Audain Art Museum’s New Special Exhibition Brings Something Different to Whistler

Audain Art Museum’s New Special Exhibition Brings Something Different to Whistler

The Audain Art Museum, soon celebrating its third anniversary, has opened a special exhibition unlike anything previously displayed.

Tales of an Empty Cabin: Somebody Nobody Was… is a show by Joseph Tisiga, an artist born in 1984 in Edmonton, Alberta and who is currently based in Whitehorse, Yukon. He grew up in urban environments and it was not until his late teens that Tisiga began to intentionally engage his Kaska Dena ancestry.


Photo: Todd Easterbrook

From 2006 to 2008, Tisiga lived in Paris and worked as a renovator creating faux plaster ceiling and wall treatments. During his early 20’s, Tisiga was employed as a social worker in Whitehorse, which he has continued to do for the past decade, working with NGO’s including the Skookum Jim Friendship Centre.  During this time he began pursuing personal interests, such as drawing, that would have a significant impact on his art practice. In 2012 he attended NSCAD University in Halifax, Nova Scotia, and in 2015 Tisiga founded Splintered Craft, an art-based employment program in Whitehorse. Much of Tisiga’s multidisciplinary work deals with his indigenous identity and stereotypes as well as tropes imposed on it. In his art, narrative constructs are employed as a means to examine history, indigenous and colonial modalities, spiritual amnesia and the contemporary complexities of cultural entities. Literary devices, such as satire and humour, play a large role in his practice and are reflected throughout his work. This show is Joseph Tisiga’s first major solo museum exhibition, and the museum became a site of production, giving a chance for museum-goers to witness never-before-seen artwork.

Photo: Todd Easterbrook


A key theme represented in many of Tisiga’s works is identity, focusing on the Indigenous people within a Euro-Canadian landscape. Two key figures in the show that embody this complex theme are Archibald Belaney and Oliver Jackson. Archibald Belaney was an Englishman who immigrated to Canada as a young man and masqueraded as a First Nations trapper and author in Ontario, Manitoba and Saskatchewan, changing his name to Grey Owl and gaining notoriety in the 1930’s. Belaney/Grey Owl published a series of short stories titled Tales of an Empty Cabin for which he gained widespread acclaim, and it is after this book that the exhibition is entitled. Tisiga’s fascination with Archibald Belaney extends from the seemingly dissociative condition of being ‘Indian’ that the Englishman lived. Thus Tisiga echoes the complexities of Grey Owl’s separated identity through his self-portraits that are also in part an expression of how he navigates his Kaska Dena ancestry.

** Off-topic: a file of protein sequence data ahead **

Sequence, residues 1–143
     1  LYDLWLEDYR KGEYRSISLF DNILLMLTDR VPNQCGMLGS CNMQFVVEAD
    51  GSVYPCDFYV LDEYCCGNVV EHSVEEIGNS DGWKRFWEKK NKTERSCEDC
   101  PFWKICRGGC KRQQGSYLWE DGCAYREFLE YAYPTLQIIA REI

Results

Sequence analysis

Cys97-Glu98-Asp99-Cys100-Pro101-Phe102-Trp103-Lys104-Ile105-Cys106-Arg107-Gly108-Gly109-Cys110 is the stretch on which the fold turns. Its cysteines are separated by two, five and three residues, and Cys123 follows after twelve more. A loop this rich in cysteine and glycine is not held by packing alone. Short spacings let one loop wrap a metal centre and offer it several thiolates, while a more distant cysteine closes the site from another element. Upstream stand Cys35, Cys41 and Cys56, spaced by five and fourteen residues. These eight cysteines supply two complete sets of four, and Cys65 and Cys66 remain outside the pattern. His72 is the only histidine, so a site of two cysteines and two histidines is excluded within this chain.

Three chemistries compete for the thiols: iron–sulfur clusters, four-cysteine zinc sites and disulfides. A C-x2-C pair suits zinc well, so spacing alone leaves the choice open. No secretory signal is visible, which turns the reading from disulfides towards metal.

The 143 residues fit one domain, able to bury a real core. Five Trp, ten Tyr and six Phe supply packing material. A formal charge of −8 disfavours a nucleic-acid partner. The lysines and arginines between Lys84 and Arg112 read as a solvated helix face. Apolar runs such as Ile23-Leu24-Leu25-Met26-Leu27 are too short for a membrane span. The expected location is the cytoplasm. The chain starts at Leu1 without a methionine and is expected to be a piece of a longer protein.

Similarly, Tisiga explores ideas of composite identities and self-mythology through his selection of faux indigenous artifacts created by Oliver Jackson (1899 – 1982), a non-Indigenous man. Jackson’s works are presented by Tisiga in a wall tent, a mobile shelter that alludes to settler-miner arrivals in the Yukon. The artist leverages such false objects in a mini-museum like environment as a twist on the context of Jackson’s English ancestry in the construction of ‘Indianness’ for Euro-Canadian consumption. While Jackson’s objects were skillfully created with earnest intentions, they reveal a homogenization of distinct Indigenous cultures. Jackson’s Indian Museum opened in the late 1950’s to house his various faux costumes, artifacts and carvings. The museum was a big draw for school children from all over BC, and the objects he created are now part of the Sncəwips Heritage Museum collection, which is managed by the Westbank First Nation.


Photo: Darby Magill

To accompany the special exhibition, the AAM has developed programming inspired by the artwork in Tisiga’s show, as well as the art in the permanent collection. Family Studio continues to be a great Sunday activity for everyone to enjoy, running from 12 – 4pm. Throughout February, the theme will be “sculptural assemblies,” and the activities will be inspired by Contemporary First Nations works that are housed in the permanent collection. Throughout March, the theme will be “homes in the forest,” and the activities will be inspired by works in the special exhibition Tales of an Empty Cabin: Somebody Nobody Was…


A new addition to the museum event calendar, Art After Dark on Friday evenings is a space for both youth and adults to create art and get inspired with weekly events featuring art-making to artist talks. As well, Yoga @ the Audain has returned as a permanent weekly feature of Art After Dark, from 6:30 – 8pm on Friday evenings with instructor Laura Davies.

For more information on upcoming events, visit All regular programming is free for members and with admission, so stop by the Audain Art Museum to learn more and purchase a membership!

This is a guest post from the Audain Art Museum, written by Chloe Gillot.

Find out more about Tales of an Empty Cabin: Somebody Nobody Was… 

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